Ten Unconventional Comics | Mechanics' Institute

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Ten Unconventional Comics

Although most people probably don’t think of comics as a particularly experimental art form, I believe that it is one of the best mediums for the unusual, the surreal, the existential, or the absurd. Comics' unique combination of visuals and text lends itself well for a wide range of stylistic and storytelling possibilities, and has much more to offer than superheroes or pugnacious lasagna-loving-cats. There's a whole world out there of comic artists/authors trying new things and pushing the storytelling envelope in new and intriguing ways. So here to celebrate the medium and its possibilities are ten favorite unconventional comics/graphic novels found at the Mechanics’ Institute library. 

Building stories / Chris Ware (OVERSIZED 741.5 W267b)
Consisting of 14 separate pieces in an oversized cardboard box, this graphic novel initially feels more like a board game than a book. But once you begin to immerse yourself in the numerous beautifully designed books (and accompanying foldouts, newspaper, booklet, board and poster) you are rewarded with an extremely unique and moving reading experience revolving around an unnamed woman and the losses that she experiences. 

The Portable Frank / Jim Woodring (COMICS 741.5 W893)
Part dream-world, part Mickey Mouse, part Hindu mythology, part Carl Jung, the unpredictable, hallucinatory (and mostly wordless) tales of Frank, Frank’s pet Pupshaw, the pathetic Manhog, and the devilish Whim are like no other. This book is a collection of 14 stories from the Frank series of comics, which Woodring has been releasing since the early 1990s.

Here / Richard McGuire (COMICS 741.5 M148)
This book is an examination of a single space: a corner of a room in a family home in Perth Amboy, N.J. Sounds pretty boring? Oh but it’s not! It’s an ambitious and groundbreaking book that uses overlapping panels to tell many stories of one place, ranging in time from 500 billion BCE to the distant future.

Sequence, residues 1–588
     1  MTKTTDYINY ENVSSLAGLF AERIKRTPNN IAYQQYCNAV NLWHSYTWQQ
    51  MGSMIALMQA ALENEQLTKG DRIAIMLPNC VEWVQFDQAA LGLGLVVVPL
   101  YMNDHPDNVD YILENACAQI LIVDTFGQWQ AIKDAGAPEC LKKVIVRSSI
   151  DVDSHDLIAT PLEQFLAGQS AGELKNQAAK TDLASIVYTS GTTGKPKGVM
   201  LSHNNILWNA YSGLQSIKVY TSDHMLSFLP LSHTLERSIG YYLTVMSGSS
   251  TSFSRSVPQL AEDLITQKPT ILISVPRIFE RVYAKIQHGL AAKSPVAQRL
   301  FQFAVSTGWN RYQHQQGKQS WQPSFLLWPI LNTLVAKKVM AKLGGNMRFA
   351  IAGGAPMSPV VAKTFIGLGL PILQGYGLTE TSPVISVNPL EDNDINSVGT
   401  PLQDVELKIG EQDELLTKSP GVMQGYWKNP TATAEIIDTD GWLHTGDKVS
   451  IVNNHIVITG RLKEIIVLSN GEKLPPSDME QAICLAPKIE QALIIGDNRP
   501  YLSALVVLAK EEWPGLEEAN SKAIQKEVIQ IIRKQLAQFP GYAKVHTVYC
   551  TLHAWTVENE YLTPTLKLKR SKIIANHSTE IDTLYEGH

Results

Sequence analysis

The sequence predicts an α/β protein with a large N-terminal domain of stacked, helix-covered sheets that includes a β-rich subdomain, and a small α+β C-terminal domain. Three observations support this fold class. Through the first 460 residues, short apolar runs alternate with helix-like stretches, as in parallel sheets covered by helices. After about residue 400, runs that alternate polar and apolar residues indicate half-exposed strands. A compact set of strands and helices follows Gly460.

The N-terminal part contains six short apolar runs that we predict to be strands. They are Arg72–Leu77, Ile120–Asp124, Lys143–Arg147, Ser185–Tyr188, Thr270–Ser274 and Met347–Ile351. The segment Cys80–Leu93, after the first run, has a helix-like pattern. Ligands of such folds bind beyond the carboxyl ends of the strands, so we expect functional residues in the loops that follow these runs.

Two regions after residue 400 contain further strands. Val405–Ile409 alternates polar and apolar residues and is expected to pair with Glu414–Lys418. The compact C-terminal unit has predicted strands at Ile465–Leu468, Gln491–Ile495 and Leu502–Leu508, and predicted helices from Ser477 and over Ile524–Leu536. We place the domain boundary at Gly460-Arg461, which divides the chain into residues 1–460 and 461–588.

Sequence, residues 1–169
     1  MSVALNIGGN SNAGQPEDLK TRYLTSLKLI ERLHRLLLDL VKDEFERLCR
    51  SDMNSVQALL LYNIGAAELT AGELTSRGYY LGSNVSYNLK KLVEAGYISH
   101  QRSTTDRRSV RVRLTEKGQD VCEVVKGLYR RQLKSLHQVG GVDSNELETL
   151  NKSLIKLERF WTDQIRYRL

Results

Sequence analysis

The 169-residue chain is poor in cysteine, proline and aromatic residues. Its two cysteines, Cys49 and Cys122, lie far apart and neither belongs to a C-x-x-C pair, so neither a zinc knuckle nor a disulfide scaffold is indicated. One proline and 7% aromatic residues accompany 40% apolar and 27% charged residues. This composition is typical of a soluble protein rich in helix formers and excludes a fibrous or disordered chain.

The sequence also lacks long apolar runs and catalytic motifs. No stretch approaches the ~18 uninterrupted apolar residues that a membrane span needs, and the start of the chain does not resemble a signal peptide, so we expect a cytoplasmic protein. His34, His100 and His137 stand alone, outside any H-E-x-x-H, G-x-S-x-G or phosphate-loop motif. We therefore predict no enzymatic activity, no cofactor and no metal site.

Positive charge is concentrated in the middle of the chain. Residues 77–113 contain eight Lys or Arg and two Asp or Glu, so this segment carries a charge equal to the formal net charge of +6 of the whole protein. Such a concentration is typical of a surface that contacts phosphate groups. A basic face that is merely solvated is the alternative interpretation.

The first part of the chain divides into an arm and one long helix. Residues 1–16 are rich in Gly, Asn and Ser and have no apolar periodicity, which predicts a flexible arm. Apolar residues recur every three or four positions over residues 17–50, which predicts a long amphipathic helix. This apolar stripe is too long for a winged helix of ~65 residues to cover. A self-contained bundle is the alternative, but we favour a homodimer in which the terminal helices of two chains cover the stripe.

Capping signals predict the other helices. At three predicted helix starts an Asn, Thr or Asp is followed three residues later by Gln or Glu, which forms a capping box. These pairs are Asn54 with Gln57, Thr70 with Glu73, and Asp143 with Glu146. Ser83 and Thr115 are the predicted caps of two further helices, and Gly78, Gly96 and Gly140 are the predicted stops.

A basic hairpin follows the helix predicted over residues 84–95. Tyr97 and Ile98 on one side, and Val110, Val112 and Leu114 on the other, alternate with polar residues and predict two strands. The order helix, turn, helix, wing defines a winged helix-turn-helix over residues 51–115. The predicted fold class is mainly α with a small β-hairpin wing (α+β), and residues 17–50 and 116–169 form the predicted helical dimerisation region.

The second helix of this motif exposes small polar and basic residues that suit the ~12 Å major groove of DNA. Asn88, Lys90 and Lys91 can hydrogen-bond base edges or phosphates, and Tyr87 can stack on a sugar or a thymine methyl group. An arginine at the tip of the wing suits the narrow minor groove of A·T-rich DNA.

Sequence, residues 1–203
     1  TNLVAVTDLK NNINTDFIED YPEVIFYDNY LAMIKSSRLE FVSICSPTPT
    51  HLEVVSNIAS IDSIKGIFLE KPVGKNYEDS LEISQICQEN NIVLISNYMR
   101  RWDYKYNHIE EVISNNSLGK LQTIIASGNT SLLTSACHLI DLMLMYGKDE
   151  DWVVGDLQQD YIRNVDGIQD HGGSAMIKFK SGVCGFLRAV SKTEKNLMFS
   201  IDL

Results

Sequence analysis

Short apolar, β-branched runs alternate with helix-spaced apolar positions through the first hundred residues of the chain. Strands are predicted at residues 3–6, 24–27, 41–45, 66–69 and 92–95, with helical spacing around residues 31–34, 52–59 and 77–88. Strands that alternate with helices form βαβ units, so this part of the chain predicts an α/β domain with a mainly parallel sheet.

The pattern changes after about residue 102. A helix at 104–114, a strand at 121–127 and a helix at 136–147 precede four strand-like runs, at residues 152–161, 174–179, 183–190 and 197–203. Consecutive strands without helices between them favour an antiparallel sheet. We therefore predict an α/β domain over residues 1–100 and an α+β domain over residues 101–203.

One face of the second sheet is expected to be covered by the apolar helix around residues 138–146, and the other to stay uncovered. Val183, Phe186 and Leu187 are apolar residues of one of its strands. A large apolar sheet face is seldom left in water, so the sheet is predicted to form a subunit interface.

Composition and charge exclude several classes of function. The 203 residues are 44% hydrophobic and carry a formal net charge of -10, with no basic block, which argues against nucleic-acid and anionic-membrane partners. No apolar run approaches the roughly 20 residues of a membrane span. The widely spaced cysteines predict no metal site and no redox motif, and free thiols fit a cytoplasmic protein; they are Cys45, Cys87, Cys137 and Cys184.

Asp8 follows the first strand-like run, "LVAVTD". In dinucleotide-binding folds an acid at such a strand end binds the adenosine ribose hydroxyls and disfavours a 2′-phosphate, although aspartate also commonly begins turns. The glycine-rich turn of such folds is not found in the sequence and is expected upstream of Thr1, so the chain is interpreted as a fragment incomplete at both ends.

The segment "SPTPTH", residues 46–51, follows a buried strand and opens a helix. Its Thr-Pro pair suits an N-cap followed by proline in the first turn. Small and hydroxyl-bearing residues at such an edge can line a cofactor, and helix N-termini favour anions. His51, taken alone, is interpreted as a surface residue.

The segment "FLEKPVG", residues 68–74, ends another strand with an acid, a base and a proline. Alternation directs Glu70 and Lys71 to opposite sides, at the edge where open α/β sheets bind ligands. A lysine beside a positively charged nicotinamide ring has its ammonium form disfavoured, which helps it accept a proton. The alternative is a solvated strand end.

Diary of a teenage girl : an account in words and pictures / Phoebe Gloeckner (Fic Gloeckner)
The line between novel and graphic novel disappears in this semi-autobiographic story told through diary entries of a 15-year old girl growing up in late 1970s San Francisco. Pages of text are sprinkled with drawings, followed by pages of comic panels. The story is a very honest telling of adolescence and sexuality, and its mixture of drawings and comics with the text makes the candid story feel all the more personal.

Big questions, or, Asomatognosia : whose hand is it anyway? / Anders Brekhus Nilsen (COMICS 741.5 N712)
Something of a 600-page existential parable revolving around a group of curious birds, a grandmother, her grandson, an airplane pilot, and an unexploded bomb - it’s a beautiful and sad book that Samuel Beckett would likely have enjoyed.

Like a velvet glove cast in iron / Daniel Clowes (COMICS 741.5 C648L)
Daniel Clowes is a master. The Oakland based writer/artist has released so many great comics through the decades that it’s hard to pick just one. But for me that one is "Like a Velvet Glove Cast in Iron": a Lynchian journey into a seedy, sadistic and surreal world. It’s not everyone’s cup of tea, but I find it to be his most interesting and convention defying, plus it’s the one that introduced me to a whole new world of comics.

Soft City / Hariton Pushwagner (COMICS 741.5 P987)
The Norwegian pop artist Pushwagner created this visual novel in the early 1970s after which it went missing until someone (thankfully!) discovered it in a suitcase in 2002. With its remarkable repetitive and minimal illustrations the book shares the "story" of a single mundane day in a dystopian urban future filled with uniformity, surveillance and anxiety. 
Black hole / Charles Burns (COMICS 741.5 B96)
This classic graphic novel tells the disturbing story of a group of suburban teenagers suffering from grotesque physical mutations caused by a STD. As their mutations become more and more obvious they begin to withdraw from society and set up an encampment in the nearby woods. The eerie story is reinforced with Burns’ distinct ink-heavy black and white illustrations.

Ant colony / Michael DeForge (COMICS 741.5 D315)
Like comedians and Acquisition Librarians, Canada is also known for producing phenomenal graphic novelists, and for me Michael DeForge is one of the best around. His colorful artwork is extraordinary and his stories are both absurd and profound. This is DeForge’s first book and it tells the multi-facet story of an ant colony falling apart. 

My favorite thing is monsters. Book one / Emil Ferris (COMICS 741.5 F394)
This recently released book revolves around the life and imagination of Karen, a 10-year-old girl growing up in 1960s Chicago. Written, drawn, and colored by hand on a legal pad, this wonderful book somehow mixes B-movie monsters, fine art, a murder, the Holocaust, sexuality, racism, and family life to create an utterly unique coming of age story. This is the first of two volumes, with the second volume being released in April.

Posted on Dec. 6, 2017 by Joel Webb